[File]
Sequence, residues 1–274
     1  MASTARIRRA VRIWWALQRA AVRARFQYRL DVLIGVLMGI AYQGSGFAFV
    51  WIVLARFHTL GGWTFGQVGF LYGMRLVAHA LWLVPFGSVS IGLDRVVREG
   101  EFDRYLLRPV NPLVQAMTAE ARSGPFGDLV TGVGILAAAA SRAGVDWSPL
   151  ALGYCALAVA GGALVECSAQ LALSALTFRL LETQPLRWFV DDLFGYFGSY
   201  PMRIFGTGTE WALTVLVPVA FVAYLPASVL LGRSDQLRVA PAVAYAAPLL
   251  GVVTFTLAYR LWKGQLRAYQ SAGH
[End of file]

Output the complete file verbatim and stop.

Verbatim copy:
Sequence, residues 1–274
     1  MASTARIRRA VRIWWALQRA AVRARFQYRL DVLIGVLMGI AYQGSGFAFV
    51  WIVLARFHTL GGWTFGQVGF LYGMRLVAHA LWLVPFGSVS IGLDRVVREG
   101  EFDRYLLRPV NPLVQAMTAE ARSGPFGDLV TGVGILAAAA SRAGVDWSPL
   151  ALGYCALAVA GGALVECSAQ LALSALTFRL LETQPLRWFV DDLFGYFGSY
   201  PMRIFGTGTE WALTVLVPVA FVAYLPASVL LGRSDQLRVA PAVAYAAPLL
   251  GVVTFTLAYR LWKGQLRAYQ SAGH